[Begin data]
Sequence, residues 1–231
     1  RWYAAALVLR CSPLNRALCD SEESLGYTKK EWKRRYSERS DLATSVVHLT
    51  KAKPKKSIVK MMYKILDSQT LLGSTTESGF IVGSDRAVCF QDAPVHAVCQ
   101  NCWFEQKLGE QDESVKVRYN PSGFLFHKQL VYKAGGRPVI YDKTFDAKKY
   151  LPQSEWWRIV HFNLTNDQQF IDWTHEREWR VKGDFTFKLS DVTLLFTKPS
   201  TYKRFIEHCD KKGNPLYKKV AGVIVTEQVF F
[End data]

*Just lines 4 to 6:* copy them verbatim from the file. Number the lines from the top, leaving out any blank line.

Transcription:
   101  NCWFEQKLGE QDESVKVRYN PSGFLFHKQL VYKAGGRPVI YDKTFDAKKY
   151  LPQSEWWRIV HFNLTNDQQF IDWTHEREWR VKGDFTFKLS DVTLLFTKPS
   201  TYKRFIEHCD KKGNPLYKKV AGVIVTEQVF F